Nigeria’s surging Christian-Muslim bloodshed strains ‘marriage of irreconcilables’
When Fulani raiders carrying rifles, machetes and clubs stormed his village one night last month, Pius Nna was stunned to see his teenage nephew among them.
“He was leading them and telling them to check very well, because my house would have a lot of people in it and they would be sure to find someone to kill,” said Nna, a tall farmer in his mid-60s who said he escaped by fleeing into the bush.
Sitting in a courtyard littered with rubble, Nna told how his sister’s son, whose father is a Muslim Fulani, had led the raiders to burn down his farm in the attack on Ungwan Gata village, one of several mostly Christian Moro’a communities in Nigeria’s central Middle Belt.
The March 14 raids by Fulani herders on Ungwan Gata and two other villages killed at least 149 people, locals and officials said. Fulani leaders said their own people had been attacked previously and had a right to defend themselves.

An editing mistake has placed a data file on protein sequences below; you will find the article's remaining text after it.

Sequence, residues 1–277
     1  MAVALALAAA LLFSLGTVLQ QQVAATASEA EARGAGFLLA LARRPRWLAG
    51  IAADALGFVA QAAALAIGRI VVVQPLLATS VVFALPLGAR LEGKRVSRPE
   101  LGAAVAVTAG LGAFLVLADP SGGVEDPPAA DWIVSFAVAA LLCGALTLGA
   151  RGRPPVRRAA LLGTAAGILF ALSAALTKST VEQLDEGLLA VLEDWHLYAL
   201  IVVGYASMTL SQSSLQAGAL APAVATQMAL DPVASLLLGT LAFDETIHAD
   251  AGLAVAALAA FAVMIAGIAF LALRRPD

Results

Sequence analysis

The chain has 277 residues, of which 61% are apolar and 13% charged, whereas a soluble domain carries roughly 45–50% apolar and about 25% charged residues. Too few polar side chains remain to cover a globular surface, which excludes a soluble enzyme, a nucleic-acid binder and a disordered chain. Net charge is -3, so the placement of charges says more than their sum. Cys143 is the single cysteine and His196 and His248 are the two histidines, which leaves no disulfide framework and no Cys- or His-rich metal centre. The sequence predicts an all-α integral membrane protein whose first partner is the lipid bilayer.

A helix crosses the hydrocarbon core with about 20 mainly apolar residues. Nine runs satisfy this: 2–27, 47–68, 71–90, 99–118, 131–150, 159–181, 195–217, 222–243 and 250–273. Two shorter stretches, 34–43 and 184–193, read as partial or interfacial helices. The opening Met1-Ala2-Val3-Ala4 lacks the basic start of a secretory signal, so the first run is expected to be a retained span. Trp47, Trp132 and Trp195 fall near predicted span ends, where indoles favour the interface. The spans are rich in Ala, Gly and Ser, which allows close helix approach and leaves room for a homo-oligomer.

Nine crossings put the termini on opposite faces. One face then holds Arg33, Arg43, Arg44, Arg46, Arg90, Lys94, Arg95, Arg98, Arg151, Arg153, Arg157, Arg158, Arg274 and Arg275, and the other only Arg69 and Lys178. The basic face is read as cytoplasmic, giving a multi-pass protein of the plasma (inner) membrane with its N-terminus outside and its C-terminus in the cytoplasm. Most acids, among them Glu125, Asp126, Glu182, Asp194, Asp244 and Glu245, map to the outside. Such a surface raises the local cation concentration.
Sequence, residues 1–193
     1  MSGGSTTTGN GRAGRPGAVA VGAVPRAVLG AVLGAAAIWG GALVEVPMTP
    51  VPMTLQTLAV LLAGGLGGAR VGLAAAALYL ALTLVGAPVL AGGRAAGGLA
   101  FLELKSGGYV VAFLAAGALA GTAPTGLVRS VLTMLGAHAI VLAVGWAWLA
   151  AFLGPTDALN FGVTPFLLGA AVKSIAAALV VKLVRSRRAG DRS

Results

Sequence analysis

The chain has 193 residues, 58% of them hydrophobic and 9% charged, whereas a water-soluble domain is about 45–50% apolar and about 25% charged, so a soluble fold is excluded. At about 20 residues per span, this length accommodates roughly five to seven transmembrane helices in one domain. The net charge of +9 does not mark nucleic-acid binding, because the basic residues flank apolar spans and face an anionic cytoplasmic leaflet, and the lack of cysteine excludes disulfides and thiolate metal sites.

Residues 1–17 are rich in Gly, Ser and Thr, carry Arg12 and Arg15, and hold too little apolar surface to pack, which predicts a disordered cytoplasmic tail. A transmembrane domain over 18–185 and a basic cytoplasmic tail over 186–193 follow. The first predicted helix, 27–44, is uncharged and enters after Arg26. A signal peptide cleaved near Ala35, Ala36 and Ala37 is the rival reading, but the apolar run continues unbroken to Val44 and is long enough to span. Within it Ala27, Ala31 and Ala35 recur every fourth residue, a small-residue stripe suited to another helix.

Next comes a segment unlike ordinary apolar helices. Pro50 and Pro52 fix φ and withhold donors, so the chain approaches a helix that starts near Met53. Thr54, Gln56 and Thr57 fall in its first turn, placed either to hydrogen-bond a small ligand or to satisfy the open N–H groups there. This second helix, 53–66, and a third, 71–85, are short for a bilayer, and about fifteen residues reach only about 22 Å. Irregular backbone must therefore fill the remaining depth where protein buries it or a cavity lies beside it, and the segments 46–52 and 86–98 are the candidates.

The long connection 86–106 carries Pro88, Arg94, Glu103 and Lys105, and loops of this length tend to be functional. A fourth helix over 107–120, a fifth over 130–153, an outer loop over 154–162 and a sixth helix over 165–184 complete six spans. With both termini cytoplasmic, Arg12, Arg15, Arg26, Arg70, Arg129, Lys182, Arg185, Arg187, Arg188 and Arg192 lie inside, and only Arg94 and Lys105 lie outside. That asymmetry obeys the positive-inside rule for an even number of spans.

Feuding over land and resources between rival communities in the Middle Belt has killed tens of thousands since independence from Britain in 1960. Fueled by ethnic and religious antagonisms, the violence has been compounded since 2009 in Africa’s No. 1 oil producer by a spreading Islamist insurrection in the northeast, led by a group called Boko Haram. That insurgency has killed thousands.
The escalation of conflict, sometimes splitting tribes and families, is straining the divide between Nigeria’s largely Muslim north and Christian south and its future as a unified state, recently declared Africa’s largest economy.